What Is Best Value Procurement?

Can You Quantify Value In “Best Value Procurement?”

PurchTips Edition #320 Click here for the printer-friendly version

Picture of Charles Dominick, SPSM, SPSM2, SPSM3, author of this article on best value procurement.By Charles Dominick, SPSM, SPSM2, SPSM3

Don’t miss updates on Procurement & Supply Chain, Subscribe here!

A commonly-used term is “best value procurement.” In most cases where “best value procurement” is used, people use it to describe purchasing decisions where factors other than price are given “points” and used in determining the supplier to select.

That’s a fine methodology, which I refer to as “weighted average supplier scoring.” But, I argue that “best value procurement” should mean something more.

I believe that “value” is something that can be measured in financial terms. Value might be increased revenue. Value might be reduced cost. Or value might be a combination of the two. Regardless, “value” can and should be expressed in units of currency.

So, if one machine (Machine A) can help a company reduce its labor force by 10 people and, thus, its payroll by $500,000 per year for 10 years, then that machine has a value of $5,000,000. If a competing machine (Machine B) can help the same company reduce its labor force by 15 people and, thus, its payroll by $750,000 per year for 10 years, then that machine has a value of $7,500,000.

But those numbers alone wouldn’t tell you the “best value.” Because true “best value” factors in cost as well.

If, on a total cost basis, Machine A costs $2,000,000, then it has a value-to-cost ratio of 2.5 ($5,000,000 / $2,000,000 = 2.5). If Machine B costs $5,000,000, then it has a value-to-cost ratio of 1.5 ($7,500,000 / $5,000,000 = 1.5). Additionally, net value subtracts cost from value.

Both a higher value-to-cost ratio and higher net value are more attractive, so on a purely “best value” procurement decision, Machine A would be chosen. For best value procurement decisions to work well, all suppliers considered must meet minimum supplier qualification criteria, which may include factors like financial stability, service capability, quality requirements, etc. Those criteria are not subjectively ranked and scored – they are evaluated to ensure that they meet the high standards of the buying organization as a prerequisite to consideration.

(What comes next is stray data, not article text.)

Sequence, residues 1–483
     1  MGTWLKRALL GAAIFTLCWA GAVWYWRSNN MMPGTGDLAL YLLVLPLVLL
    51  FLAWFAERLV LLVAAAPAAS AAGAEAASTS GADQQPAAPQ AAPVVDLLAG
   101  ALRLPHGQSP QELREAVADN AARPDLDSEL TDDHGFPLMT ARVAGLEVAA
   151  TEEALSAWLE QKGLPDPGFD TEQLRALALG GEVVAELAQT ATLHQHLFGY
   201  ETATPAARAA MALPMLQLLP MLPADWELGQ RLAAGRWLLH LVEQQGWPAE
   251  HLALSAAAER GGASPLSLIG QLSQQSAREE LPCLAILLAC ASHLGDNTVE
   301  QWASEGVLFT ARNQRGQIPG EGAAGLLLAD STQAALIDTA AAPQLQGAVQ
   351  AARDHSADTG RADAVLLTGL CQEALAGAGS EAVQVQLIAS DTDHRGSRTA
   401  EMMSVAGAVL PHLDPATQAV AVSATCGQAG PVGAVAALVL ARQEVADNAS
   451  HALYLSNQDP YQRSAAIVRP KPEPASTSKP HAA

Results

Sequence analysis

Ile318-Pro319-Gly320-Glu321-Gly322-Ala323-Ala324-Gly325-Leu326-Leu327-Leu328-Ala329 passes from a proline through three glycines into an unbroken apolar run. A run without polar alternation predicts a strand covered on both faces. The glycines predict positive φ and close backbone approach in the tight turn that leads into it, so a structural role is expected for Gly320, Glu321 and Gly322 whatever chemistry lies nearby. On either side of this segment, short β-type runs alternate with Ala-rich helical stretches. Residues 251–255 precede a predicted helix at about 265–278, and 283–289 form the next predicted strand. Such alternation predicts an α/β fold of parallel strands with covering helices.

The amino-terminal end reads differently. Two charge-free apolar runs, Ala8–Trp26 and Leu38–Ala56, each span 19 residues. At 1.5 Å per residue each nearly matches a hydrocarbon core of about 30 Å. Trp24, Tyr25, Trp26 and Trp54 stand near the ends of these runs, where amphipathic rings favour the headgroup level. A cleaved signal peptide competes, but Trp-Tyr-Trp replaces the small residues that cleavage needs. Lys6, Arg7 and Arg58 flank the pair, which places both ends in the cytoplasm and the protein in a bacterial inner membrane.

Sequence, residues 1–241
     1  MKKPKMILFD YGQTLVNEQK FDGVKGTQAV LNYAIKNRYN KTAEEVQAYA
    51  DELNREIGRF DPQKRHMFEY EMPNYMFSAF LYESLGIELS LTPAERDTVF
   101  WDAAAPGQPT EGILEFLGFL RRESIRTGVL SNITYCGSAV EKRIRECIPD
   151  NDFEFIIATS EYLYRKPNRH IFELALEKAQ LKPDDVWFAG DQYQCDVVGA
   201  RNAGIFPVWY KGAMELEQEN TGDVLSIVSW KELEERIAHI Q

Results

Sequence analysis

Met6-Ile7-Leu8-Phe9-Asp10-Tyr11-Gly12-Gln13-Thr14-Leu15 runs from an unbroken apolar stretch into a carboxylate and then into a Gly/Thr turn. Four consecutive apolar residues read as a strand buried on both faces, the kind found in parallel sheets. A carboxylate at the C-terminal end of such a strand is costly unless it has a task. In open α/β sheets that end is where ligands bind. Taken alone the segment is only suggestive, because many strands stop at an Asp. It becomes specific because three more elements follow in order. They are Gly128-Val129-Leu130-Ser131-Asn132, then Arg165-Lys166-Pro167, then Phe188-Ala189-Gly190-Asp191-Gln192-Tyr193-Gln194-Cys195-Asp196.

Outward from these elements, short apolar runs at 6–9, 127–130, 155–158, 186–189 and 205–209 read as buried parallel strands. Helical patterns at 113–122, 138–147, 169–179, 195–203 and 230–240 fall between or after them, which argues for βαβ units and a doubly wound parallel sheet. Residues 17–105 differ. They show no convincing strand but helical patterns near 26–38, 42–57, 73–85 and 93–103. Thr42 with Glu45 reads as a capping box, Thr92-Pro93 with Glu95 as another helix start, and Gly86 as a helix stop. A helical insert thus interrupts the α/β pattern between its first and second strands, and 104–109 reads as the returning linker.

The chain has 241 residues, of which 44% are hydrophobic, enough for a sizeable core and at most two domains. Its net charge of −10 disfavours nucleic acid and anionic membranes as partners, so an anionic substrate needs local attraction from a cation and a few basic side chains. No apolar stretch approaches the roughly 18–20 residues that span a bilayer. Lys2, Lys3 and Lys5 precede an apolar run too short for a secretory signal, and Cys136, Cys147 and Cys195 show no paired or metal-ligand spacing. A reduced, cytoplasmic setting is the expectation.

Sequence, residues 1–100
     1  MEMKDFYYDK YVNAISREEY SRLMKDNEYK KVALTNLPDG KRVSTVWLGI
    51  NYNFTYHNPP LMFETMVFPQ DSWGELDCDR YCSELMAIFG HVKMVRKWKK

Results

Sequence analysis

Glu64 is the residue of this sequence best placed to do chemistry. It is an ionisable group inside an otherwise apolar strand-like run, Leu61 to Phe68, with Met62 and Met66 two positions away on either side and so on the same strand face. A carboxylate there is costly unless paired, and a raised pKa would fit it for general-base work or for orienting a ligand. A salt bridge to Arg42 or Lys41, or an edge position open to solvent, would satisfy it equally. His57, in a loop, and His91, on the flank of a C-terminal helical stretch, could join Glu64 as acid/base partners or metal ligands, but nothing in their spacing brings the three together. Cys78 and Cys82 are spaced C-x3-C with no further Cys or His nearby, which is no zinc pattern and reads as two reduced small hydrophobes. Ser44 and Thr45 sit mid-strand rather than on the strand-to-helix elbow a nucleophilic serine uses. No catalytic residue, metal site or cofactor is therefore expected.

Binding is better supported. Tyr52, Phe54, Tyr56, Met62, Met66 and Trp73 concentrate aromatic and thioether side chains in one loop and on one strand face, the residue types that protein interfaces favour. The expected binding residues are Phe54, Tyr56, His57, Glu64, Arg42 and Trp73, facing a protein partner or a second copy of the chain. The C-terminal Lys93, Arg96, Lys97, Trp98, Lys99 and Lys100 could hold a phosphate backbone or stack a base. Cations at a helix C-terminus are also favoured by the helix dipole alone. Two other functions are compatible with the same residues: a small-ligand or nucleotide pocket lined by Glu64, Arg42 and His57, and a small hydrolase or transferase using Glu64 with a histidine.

Both true best value procurement and weighted average supplier scoring are legitimate procurement decision methods. So are decision-making methods based on low bids, reverse auction outcomes, lowest total cost of ownership analysis, and sourcing optimization.

The key is using the right method in the appropriate situation.


Want to get more procurement articles by email?

Members of the NLPA get great articles just like this by email every month. As a member, you will also get access to:

  • The Procurement Training & Certification Starter Kit
  • The latest Purchasing & Supply Management Salaries Report
  • Leading-Edge Supply Management™ magazine
  • Live webinars
  • Access of Purchasing Community
  • Access of NLPA BLogs
  • Access of Library (Webinar Replays, Procurement Templates & More)
  • Access to All 20 Express Courses worth $380.00
  • And more!

Sign up today and enjoy access all of the benefits that come with the NLPA Premium membership.

Procurement Courses
Over 196,482 purchasing professionals have joined the Next Level Purchasing Association! So, what are you waiting for?

Copyright 2015. This article is the property of the Next Level Purchasing Association and may not be copied or republished in any form without the express written consent of the Next Level Purchasing Association. Click here to request republishing permission.

By Charles Dominick, SPSM, SPSM2, SPSM3